Contributed by Victoria from Guide Your Travel Blog
Have More Time?
While visiting Port Douglas add a trip to Daintree National Park and Mossman Gorge to your itinerary. With spell-binding natural beauty around every corner, you will leave with a new appreciation of mother nature. If you are searching for a tour to experience the Daintree, Mossman Gorge and Cape Tribulation check out this one here!
Stop 8: Cape Tribulation
Known for its remote beaches, unique landscapes and the stunning rainforest in Daintree National Park, Cape Tribulation is an amazing place to spend a couple of days. This is quite a remote part of the North Queensland coast and it is just under a 2-hour drive from Port Douglas, which includes crossing on the Daintree River Ferry. The road is sealed to Cape Tribulation but there is a 4-wheel drive track that continues to Cooktown.
Exploring the rainforests and beaches on one of the many short trails, like the Dubuji Boardwalk and Madja Botanical Walk, is one of the highlights of a trip here and can easily be done with kids. You can explore yourself or take a guided tour to learn about the diverse flora and fauna that exist in the area.
Several great swimming holes are safe to swim in, including Emmagen Creek and Mason’s Swimming Hole. You can also enjoy horseback rides, tours to the Great Barrier Reef, taste exotic tropical fruit on a farm tour at Cape Trib Farm.
Stay: An excellent place to stay is Cape Trib Beach House, surrounded by lush rainforest, which has large, air-conditioned rooms and a swimming pool to enjoy after a day out exploring with the family.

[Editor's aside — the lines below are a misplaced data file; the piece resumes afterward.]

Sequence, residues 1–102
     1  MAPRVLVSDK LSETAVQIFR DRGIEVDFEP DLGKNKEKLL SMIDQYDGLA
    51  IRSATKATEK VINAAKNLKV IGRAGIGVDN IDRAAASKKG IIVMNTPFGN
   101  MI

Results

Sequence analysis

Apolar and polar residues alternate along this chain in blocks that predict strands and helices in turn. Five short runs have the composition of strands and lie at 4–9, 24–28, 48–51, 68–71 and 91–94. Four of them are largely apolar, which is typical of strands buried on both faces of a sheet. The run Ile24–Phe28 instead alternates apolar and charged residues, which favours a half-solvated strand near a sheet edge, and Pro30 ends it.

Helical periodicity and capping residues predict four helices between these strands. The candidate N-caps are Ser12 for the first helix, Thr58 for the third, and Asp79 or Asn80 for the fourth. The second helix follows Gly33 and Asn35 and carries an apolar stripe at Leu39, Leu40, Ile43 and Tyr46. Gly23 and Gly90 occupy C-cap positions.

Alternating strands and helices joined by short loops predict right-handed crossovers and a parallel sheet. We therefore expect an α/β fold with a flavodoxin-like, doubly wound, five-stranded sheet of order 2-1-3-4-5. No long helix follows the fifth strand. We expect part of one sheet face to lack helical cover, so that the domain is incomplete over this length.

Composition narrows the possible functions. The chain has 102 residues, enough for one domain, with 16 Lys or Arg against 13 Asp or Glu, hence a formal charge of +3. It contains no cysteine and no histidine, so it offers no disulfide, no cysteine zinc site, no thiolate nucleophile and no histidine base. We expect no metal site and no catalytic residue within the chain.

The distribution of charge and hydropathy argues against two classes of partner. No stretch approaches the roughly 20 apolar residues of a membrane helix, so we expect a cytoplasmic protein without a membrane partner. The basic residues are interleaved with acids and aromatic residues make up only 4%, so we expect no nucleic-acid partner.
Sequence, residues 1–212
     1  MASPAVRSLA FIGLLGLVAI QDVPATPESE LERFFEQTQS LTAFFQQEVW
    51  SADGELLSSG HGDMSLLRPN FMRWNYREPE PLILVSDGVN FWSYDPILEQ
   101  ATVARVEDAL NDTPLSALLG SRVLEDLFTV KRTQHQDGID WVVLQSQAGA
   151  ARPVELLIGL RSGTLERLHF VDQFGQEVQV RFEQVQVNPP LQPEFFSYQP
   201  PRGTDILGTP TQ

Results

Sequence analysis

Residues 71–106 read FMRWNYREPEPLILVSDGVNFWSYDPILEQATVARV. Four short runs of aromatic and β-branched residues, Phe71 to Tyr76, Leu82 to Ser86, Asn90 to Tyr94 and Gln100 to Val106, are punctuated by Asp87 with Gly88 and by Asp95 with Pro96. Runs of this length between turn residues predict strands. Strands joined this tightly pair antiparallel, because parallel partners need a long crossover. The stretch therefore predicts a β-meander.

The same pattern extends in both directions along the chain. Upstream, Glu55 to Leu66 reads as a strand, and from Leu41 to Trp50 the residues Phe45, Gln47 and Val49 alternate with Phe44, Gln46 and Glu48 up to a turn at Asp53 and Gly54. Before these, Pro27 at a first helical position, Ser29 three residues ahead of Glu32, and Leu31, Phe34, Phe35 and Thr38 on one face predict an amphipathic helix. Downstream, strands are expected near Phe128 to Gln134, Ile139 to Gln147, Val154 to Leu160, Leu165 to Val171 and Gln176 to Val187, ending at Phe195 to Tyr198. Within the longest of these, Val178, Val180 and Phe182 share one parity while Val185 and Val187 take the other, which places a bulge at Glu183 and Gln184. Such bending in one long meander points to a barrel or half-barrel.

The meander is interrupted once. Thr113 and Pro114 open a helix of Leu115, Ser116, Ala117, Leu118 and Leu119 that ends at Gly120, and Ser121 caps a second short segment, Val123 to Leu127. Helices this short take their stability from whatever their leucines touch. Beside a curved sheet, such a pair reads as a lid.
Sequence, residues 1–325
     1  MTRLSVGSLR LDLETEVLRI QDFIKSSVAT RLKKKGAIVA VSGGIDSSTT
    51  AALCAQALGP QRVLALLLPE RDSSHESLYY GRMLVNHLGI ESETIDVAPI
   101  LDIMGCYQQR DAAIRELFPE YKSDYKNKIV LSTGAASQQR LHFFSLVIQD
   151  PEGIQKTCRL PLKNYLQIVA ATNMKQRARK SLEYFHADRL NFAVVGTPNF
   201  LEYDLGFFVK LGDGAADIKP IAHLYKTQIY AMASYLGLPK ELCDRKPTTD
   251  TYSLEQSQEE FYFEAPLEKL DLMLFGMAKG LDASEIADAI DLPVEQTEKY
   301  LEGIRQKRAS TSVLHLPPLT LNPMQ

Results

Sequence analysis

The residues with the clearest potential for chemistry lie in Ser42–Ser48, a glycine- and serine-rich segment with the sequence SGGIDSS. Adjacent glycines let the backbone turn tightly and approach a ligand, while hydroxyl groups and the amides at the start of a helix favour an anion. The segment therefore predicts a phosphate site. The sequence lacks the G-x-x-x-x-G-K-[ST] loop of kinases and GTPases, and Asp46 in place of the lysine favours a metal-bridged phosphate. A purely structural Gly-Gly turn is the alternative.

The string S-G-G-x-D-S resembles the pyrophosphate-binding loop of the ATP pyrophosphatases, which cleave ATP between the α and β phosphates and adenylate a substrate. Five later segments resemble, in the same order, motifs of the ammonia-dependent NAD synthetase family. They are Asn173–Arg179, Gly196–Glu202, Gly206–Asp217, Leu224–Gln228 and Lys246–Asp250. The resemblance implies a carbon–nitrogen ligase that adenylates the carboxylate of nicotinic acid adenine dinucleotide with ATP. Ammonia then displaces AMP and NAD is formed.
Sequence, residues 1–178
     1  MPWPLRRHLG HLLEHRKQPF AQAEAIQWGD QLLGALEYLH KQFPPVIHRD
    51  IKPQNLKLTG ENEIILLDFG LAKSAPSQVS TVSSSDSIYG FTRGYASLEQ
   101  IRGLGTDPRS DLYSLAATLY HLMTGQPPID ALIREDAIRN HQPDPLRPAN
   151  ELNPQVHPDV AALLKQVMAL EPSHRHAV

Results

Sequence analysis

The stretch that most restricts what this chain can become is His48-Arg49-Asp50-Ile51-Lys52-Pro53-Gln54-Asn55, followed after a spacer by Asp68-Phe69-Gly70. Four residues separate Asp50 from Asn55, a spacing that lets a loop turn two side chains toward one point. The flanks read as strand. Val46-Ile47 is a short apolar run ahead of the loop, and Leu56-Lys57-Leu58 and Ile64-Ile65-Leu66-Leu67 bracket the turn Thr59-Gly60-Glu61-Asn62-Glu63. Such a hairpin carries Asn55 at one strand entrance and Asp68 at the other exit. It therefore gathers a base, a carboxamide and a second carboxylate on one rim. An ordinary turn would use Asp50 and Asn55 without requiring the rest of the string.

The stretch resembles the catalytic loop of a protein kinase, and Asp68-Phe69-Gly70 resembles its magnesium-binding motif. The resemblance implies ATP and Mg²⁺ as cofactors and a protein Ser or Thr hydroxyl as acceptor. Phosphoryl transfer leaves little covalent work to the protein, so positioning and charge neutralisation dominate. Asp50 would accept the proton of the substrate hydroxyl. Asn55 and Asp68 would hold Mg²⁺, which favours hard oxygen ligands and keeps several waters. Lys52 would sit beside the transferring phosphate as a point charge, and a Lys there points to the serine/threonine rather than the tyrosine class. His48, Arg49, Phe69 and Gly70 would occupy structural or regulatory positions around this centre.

Cape Tribulation feels like a different world compared to many other places in Queensland, and the tropical rainforest is a fantastic place to explore for a couple of days.
Contributed by Luke from Wild About BC
Stop 9: Cooktown
Cooktown sits at the mouth of the beautiful Endeavour River. Both town and river are named for the historic moment when Captain James Cook beached his ship (the Endeavour) onto the beach for repairs in 1770.
With that being said, one of the very best things you can do in Cooktown is to visit the James Cook Museum. This wonderful old building is chock full of interesting facts and memorabilia from the past few hundred years, including a very fun treasure hunt for children – including a small prize at the end! $40 for a family ticket is money well spent.
The Botanical Gardens are well worth a visit – it’s a pretty walk through the gardens, with a nice café for an iced coffee at the end.
From here you can also access a short hike to stunning Finch Bay, or a slightly longer, harder hike to Cherry Tree Bay.
Finish your day with an epic sunset at Grassy Hill Lookout. This lookout offers you 360-degree views of Cooktown, the harbour, the rainforest and the Great Barrier Reef out at sea. It truly is spectacular.
If you are feeling adventurous, you can day trip to Elim Beach, stopping in for a refreshing (and safe) swim at Isabella Falls on the way. Elim Beach is owned by a local Aboriginal man (entry fees apply) and boasts many fun 4WD tracks, coloured sand cliffs, turquoise waters. It is also home to a world-renowned kite surfing spot.
Contributed by Joanna Rogers from Dont Wanna Go Home
Stay Safe When Travelling in North Queensland
Marine stingers are prevalent in tropical waters of North Queensland generally from November to May. The tropical north is also crocodile country and they can live in the oceans, streams, rivers and lagoons.
Some safety tips:
- Always follow the warning signs and only swim where you know it is safe.
- Listen to the lifeguards and swim in the net enclosures during stinger season.
- There is magnificent wildlife in Queensland including everything from feathered to furry and scaled. Some wildlife can be aggressive, so remember this before getting too close.
Do you have a question about Far North Queensland? Have I missed any places that should be added to this list? Let me know in the comments below!